Should city services and infrastructure be run by businesses?
For some urban commentators, policy-makers, politicians and corporate lobby groups, the answer is ‘yes’ to both questions.
Others are critical of such views, cautious about shifting the culture of city administration from management to entrepreneurship, and transforming public assets and services run for the common good into markets run for profit.
The stories and essays in this book explore how a city might look, feel and function if the business models, practices and technologies of 38 different companies were applied to the running of cities.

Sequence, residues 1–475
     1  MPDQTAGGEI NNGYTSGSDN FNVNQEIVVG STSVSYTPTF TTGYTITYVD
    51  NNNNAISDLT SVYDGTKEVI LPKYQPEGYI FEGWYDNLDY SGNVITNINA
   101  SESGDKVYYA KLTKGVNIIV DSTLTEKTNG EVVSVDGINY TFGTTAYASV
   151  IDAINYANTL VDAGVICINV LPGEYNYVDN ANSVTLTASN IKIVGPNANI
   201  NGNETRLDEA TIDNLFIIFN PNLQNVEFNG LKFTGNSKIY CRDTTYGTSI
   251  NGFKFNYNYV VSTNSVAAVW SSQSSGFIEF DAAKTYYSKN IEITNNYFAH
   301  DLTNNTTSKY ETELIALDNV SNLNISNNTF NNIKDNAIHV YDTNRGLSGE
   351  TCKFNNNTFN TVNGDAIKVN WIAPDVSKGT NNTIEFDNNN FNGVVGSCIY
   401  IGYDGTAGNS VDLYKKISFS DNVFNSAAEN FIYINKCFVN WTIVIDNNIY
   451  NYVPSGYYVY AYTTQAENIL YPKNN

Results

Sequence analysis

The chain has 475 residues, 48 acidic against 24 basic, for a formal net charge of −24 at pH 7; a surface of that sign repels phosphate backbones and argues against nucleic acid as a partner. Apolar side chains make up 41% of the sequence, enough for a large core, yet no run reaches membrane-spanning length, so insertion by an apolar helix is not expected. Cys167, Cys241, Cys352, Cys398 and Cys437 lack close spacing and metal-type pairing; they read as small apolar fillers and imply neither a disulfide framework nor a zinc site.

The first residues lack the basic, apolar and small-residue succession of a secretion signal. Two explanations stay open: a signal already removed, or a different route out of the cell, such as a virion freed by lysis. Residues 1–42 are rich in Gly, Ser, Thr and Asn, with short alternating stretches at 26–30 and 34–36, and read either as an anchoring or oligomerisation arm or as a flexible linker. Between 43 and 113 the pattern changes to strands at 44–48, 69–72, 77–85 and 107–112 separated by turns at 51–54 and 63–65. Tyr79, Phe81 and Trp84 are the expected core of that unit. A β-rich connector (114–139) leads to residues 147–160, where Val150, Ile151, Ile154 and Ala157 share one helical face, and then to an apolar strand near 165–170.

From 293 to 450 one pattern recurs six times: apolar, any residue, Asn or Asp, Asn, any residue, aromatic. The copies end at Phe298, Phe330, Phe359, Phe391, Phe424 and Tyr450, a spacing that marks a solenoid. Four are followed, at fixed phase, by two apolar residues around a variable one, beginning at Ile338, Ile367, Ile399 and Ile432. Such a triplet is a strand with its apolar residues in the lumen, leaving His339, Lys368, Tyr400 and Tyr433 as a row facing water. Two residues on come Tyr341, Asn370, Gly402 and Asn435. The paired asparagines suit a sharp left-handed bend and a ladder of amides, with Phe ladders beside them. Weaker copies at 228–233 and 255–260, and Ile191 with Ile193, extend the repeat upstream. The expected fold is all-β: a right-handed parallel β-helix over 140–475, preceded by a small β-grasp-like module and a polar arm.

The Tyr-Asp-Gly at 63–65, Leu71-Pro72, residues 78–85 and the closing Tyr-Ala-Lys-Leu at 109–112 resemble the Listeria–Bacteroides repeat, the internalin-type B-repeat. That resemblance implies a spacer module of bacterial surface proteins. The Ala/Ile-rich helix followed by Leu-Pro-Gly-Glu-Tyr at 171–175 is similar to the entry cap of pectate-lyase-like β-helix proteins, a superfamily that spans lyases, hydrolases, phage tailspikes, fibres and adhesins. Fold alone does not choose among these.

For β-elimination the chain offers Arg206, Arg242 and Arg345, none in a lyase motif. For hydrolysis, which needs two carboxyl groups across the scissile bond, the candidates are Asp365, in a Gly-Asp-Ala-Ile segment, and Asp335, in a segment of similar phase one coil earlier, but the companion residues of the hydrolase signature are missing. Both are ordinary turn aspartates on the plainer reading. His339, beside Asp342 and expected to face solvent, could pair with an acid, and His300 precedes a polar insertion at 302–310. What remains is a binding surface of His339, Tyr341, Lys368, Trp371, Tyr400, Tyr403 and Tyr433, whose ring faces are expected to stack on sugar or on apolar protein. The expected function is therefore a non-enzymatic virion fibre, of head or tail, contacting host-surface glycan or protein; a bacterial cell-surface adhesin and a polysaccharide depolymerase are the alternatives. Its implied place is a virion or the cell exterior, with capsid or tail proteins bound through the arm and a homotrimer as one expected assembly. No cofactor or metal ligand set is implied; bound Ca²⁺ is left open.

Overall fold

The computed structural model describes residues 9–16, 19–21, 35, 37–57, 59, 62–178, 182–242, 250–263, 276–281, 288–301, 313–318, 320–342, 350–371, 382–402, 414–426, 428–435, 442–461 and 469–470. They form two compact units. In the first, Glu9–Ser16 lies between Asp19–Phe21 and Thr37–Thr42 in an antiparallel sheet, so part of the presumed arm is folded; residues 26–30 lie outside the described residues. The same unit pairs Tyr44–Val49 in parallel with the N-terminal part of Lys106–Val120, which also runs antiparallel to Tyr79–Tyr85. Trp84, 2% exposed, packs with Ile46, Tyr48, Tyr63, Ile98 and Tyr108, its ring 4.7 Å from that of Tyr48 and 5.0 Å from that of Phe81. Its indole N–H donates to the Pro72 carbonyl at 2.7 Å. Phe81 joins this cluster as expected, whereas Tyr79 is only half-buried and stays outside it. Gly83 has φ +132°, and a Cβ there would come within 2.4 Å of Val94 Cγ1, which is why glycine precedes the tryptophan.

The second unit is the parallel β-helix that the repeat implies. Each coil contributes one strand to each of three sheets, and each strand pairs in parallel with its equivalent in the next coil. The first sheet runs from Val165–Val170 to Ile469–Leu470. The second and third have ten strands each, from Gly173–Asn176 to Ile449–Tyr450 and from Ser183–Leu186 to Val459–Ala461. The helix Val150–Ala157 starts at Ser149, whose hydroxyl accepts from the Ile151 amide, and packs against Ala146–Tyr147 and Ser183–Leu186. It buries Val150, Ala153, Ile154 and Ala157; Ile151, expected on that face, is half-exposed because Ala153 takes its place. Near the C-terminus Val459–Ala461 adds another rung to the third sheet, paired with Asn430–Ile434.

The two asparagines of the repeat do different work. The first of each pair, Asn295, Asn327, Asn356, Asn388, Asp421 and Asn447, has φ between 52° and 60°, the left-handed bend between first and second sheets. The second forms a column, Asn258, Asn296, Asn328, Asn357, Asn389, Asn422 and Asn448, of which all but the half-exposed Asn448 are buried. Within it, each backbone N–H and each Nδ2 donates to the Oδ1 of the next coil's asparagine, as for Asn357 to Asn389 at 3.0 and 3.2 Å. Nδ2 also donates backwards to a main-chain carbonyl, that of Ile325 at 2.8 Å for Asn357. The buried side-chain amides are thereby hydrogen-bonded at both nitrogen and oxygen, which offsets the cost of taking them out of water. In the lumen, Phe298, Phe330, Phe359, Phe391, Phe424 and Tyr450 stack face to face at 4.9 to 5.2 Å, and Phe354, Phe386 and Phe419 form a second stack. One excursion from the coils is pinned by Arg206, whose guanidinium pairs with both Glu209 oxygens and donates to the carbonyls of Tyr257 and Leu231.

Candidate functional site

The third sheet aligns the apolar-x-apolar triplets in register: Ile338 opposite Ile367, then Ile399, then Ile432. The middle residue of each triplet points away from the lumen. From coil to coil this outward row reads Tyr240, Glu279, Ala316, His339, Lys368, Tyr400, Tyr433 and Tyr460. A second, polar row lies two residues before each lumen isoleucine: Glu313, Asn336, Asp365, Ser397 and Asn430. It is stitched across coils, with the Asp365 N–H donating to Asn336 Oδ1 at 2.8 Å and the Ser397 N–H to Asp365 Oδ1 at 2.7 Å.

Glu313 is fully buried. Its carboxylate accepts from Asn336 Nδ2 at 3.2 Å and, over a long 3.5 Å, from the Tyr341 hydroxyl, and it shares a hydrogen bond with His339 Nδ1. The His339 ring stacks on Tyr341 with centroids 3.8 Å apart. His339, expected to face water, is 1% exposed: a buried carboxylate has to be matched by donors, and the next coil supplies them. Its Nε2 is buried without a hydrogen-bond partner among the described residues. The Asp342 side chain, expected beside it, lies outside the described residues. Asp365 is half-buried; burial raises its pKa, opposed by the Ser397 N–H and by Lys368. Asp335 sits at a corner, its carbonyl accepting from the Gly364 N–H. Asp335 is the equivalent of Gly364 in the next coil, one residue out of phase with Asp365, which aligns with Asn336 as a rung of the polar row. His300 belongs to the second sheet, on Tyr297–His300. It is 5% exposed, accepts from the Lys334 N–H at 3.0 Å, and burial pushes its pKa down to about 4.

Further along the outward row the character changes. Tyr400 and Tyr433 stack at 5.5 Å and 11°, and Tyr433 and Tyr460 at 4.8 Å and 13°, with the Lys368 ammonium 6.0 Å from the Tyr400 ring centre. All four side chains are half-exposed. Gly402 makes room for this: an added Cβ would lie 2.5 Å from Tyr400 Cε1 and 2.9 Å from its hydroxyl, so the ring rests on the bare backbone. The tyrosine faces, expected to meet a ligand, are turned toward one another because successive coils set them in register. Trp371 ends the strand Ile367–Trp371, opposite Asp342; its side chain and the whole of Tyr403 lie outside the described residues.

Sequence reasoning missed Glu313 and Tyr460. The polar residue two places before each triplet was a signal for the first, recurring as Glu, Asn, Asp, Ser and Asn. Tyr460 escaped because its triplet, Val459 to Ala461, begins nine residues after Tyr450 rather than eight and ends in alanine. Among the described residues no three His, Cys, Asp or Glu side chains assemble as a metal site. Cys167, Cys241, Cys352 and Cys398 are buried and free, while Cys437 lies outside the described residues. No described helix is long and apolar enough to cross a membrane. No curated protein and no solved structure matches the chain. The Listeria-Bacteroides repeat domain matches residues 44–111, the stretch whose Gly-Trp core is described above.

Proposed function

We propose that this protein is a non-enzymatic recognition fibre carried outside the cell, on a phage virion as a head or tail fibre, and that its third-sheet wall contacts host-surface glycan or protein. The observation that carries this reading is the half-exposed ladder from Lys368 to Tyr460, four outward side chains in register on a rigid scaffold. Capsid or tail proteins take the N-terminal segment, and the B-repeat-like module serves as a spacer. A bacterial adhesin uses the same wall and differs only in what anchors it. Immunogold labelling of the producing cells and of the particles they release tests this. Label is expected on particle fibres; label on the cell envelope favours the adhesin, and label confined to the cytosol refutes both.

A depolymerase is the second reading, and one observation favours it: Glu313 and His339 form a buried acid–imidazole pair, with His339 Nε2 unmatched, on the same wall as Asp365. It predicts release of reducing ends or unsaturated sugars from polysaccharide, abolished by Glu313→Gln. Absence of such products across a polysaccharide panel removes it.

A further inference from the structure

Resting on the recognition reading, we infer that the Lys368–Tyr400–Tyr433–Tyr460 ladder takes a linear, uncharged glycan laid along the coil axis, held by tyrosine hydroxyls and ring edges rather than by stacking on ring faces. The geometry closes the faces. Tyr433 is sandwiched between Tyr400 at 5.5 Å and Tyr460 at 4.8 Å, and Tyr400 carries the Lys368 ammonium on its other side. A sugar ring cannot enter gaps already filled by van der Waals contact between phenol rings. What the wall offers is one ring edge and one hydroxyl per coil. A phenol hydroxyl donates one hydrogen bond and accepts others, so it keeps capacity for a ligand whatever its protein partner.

They ask: what would it be like to live in a city administered using the business model of Amazon (or Apple, IKEA, Pornhub, Spotify, Tinder, Uber, etc.) or a city where critical public services are delivered by these companies?
Collectively, the chapters ask us to imagine and reflect on what kind of cities we want to live in and how they should be managed and governed.